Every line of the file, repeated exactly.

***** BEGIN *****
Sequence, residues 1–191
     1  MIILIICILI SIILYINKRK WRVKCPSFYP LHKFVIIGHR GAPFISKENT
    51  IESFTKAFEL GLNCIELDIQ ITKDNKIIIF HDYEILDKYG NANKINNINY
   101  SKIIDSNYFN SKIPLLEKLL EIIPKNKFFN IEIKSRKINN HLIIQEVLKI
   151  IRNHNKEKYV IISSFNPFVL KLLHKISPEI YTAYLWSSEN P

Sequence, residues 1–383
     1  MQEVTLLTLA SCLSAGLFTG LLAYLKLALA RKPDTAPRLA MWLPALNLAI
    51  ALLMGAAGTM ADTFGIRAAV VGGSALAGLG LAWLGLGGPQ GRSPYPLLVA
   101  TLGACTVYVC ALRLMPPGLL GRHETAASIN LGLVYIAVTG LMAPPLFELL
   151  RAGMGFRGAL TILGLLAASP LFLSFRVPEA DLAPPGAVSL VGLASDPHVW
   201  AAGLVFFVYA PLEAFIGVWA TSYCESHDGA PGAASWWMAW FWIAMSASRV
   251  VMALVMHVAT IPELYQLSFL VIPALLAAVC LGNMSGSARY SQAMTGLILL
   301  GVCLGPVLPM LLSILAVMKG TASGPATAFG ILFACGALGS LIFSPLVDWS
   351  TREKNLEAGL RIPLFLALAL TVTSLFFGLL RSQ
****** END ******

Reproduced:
Sequence, residues 1–191
     1  MIILIICILI SIILYINKRK WRVKCPSFYP LHKFVIIGHR GAPFISKENT
    51  IESFTKAFEL GLNCIELDIQ ITKDNKIIIF HDYEILDKYG NANKINNINY
   101  SKIIDSNYFN SKIPLLEKLL EIIPKNKFFN IEIKSRKINN HLIIQEVLKI
   151  IRNHNKEKYV IISSFNPFVL KLLHKISPEI YTAYLWSSEN P

Sequence, residues 1–383
     1  MQEVTLLTLA SCLSAGLFTG LLAYLKLALA RKPDTAPRLA MWLPALNLAI
    51  ALLMGAAGTM ADTFGIRAAV VGGSALAGLG LAWLGLGGPQ GRSPYPLLVA
   101  TLGACTVYVC ALRLMPPGLL GRHETAASIN LGLVYIAVTG LMAPPLFELL
   151  RAGMGFRGAL TILGLLAASP LFLSFRVPEA DLAPPGAVSL VGLASDPHVW
   201  AAGLVFFVYA PLEAFIGVWA TSYCESHDGA PGAASWWMAW FWIAMSASRV
   251  VMALVMHVAT IPELYQLSFL VIPALLAAVC LGNMSGSARY SQAMTGLILL
   301  GVCLGPVLPM LLSILAVMKG TASGPATAFG ILFACGALGS LIFSPLVDWS
   351  TREKNLEAGL RIPLFLALAL TVTSLFFGLL RSQ